Since the vaccine is only effective against some HPV types for now, it definitely prevents cervical cancer. Therefore, people who have been vaccinated should continue their annual smear checks.
Can people with HPV infection be vaccinated?
It is important to perform HPV typing in women with changes in smear controls. If any of the HPV types 6,11,16 and 18 are not detected as a result of typing, it is beneficial for these women to be vaccinated. There is not enough data on the effectiveness of the vaccine in women with HPV types 6,11,16 and 18 positive.
Can HPV vaccine be given to pregnant women?
There are insufficient data on the effects of the vaccine in pregnant women and their babies. Although the limited data do not indicate any adverse effects, HPV vaccination is not recommended in pregnant women. Women who become pregnant after starting the vaccination program should wait postpartum to complete 3 doses. On the other hand, it is not recommended for these women to terminate the pregnancy with abortion just because of the vaccine.
Is unprotected intercourse allowed after HPV vaccination?
The HPV vaccine only protects against conditions caused by related viruses. It has no effect on other sexually transmitted diseases such as AIDS, herpes, gonorrhea, Hepatitis B. Condoms are the only and most effective way to prevent these diseases.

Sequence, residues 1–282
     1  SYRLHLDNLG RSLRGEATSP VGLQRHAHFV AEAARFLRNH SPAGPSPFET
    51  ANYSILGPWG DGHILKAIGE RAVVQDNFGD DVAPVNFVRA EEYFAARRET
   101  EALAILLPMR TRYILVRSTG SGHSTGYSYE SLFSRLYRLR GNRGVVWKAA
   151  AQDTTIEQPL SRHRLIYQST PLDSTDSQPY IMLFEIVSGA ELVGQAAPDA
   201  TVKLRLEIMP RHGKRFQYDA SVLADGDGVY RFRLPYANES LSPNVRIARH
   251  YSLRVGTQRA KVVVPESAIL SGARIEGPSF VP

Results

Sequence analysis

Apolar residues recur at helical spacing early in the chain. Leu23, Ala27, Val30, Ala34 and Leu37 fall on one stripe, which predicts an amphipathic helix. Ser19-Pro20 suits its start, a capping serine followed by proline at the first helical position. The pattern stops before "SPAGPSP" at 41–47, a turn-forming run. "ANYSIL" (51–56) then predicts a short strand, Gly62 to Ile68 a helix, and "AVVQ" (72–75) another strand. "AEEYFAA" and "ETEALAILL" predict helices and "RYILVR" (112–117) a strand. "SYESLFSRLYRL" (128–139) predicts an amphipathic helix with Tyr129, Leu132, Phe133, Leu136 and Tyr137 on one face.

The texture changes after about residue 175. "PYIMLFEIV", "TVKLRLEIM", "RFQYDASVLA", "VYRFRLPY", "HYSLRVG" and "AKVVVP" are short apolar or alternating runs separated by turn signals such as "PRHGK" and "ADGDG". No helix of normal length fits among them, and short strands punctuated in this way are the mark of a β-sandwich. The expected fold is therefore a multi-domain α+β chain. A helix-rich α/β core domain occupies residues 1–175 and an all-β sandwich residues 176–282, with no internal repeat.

How much does the HPV vaccine cost?
The total cost of 3 doses in the United States, where the vaccine is produced, is around $360. This is one of the most expensive vaccines ever produced. Considering that cervical cancer ranks first or second among cancers seen in women among underdeveloped or developing countries where the PAP smear screening program is not widely used, these countries should be the main target population of the vaccine. However, the high price unfortunately limits the availability of the vaccine in these countries. It is hoped that in the very near future, his salary will be reduced to achievable limits. Some large foundations and charities, especially the Gates Foundation, provide considerable assistance for the vaccination of children in underdeveloped countries.